0

Thanks for any advice! We're currently in the process of creating an opening between two closets on the top floor of our house. The closest door will be removed and filled in.

I noticed there's open space between the framing for the two doors behind the last stud. It's ~1/4" wider than a 2x4. Would there be any concerns if I added a stud into the perpendicular wall to support the header so the finished wall would be flush? I'd cut the two exposed studs at my header height and leave them attached on top. Our space is very tight and removing the bump out would be great.

Nothing stands out to me but wanted to make sure I wasn't missing something obvious.

enter image description here

enter image description here

3
  • 1
    It'd help if you sketched out what you want to do. Thousand words, ya know.
    – Huesmann
    Jul 8, 2023 at 12:26
  • I'm looking at your picture and your drawing and I'm having a hard time correlating the two of them. Also, I don't see where this "1/4" wider gap" is. If you could modify your drawing to include the two existing doors, or show where the removed drywall is and show us where this gap is, that would help immensely.
    – FreeMan
    Jul 8, 2023 at 15:07
  • In your "current" sketch, how do you know there's no vertical member between the two sets of blue studs?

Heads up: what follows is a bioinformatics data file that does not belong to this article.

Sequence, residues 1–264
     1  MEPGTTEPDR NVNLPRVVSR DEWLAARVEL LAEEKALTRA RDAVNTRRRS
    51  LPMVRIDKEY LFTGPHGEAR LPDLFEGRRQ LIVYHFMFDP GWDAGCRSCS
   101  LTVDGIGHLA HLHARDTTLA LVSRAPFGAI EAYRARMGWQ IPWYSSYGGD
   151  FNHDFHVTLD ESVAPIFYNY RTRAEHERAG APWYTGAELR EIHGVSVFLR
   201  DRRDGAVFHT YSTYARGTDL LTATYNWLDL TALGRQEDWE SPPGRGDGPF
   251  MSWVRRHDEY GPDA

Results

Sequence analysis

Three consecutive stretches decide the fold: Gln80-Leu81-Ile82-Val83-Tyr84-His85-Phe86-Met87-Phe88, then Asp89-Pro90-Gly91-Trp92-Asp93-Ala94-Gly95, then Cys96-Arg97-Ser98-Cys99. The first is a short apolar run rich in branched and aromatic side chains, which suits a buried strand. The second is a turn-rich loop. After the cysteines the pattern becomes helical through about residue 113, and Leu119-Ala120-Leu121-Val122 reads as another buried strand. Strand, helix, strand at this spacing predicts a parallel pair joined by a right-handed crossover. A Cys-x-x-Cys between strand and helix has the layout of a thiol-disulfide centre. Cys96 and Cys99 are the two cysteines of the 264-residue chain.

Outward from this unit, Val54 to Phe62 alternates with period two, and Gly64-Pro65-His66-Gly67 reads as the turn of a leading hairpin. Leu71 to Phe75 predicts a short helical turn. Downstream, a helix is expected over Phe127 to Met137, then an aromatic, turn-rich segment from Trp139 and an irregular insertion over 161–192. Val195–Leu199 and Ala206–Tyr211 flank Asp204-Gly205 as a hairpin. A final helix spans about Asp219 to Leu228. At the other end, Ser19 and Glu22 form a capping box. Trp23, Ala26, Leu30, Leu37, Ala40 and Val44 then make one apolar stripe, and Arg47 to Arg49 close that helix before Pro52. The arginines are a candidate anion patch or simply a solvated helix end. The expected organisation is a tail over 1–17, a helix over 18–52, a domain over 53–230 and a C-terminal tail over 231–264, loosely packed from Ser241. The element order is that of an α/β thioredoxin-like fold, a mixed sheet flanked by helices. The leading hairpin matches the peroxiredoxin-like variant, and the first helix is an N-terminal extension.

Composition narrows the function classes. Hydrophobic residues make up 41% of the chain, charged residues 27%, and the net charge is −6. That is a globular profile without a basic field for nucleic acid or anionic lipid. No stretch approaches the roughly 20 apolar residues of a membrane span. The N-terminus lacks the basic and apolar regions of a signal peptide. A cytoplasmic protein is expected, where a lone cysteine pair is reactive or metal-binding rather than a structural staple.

– Huesmann
    Jul 9, 2023 at 12:47

1 Answer 1

1

If it is a non bearing wall, yes you can cut the stud to the height that the top of the header will be. You may or may not find other framing in the way behind that stud after you remove it. Not knowing for sure, and since an oscillating saw will be real handy in all of this type of work, a new "pocket" can be cut into any framing that may be in the way. If there is a void or "partition blocking" that helped hold the stud in place that you removed, you can with the oscillating saw fitted with a metal cutting blade, cut the nails only holding the blocks. Set the header in place, then cut in a new jack stud that will set flush with the surface of the wall framing to hold the end of the new header.

If it is bearing wall, this area will need a new king stud in place first before adding the header. Then the jack stud goes in. It would be better to open the outside wall in the hall or other room to allow better nailing if this is a bearing wall.

Your Answer

By clicking “Post Your Answer”, you agree to our terms of service and acknowledge you have read our privacy policy.

Not the answer you're looking for? Browse other questions tagged or ask your own question.